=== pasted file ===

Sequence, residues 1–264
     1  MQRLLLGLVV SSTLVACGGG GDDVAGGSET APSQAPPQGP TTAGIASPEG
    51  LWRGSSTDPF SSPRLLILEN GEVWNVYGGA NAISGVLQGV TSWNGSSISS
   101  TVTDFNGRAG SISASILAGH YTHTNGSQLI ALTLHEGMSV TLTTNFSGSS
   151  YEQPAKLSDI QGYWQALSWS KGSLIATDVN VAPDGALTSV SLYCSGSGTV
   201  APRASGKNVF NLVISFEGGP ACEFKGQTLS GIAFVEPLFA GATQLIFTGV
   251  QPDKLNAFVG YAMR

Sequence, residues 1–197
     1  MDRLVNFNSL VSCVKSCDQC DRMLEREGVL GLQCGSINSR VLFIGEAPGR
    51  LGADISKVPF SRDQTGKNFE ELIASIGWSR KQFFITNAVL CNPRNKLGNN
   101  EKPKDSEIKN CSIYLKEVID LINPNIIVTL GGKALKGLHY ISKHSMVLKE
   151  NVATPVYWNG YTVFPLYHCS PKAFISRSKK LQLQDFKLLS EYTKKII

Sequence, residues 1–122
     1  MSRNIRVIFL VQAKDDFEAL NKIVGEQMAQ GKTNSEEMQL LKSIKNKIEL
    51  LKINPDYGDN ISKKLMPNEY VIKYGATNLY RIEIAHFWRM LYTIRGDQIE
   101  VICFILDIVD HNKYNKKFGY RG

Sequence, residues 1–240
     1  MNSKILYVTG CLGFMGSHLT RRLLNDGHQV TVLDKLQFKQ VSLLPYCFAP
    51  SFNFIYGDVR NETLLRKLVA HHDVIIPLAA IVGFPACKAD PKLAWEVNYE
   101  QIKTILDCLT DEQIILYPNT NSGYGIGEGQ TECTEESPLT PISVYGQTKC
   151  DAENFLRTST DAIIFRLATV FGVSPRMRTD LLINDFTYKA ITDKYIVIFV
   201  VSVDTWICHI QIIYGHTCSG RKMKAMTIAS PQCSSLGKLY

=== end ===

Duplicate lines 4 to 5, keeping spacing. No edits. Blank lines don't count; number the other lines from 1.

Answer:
   101  TVTDFNGRAG SISASILAGH YTHTNGSQLI ALTLHEGMSV TLTTNFSGSS
   151  YEQPAKLSDI QGYWQALSWS KGSLIATDVN VAPDGALTSV SLYCSGSGTV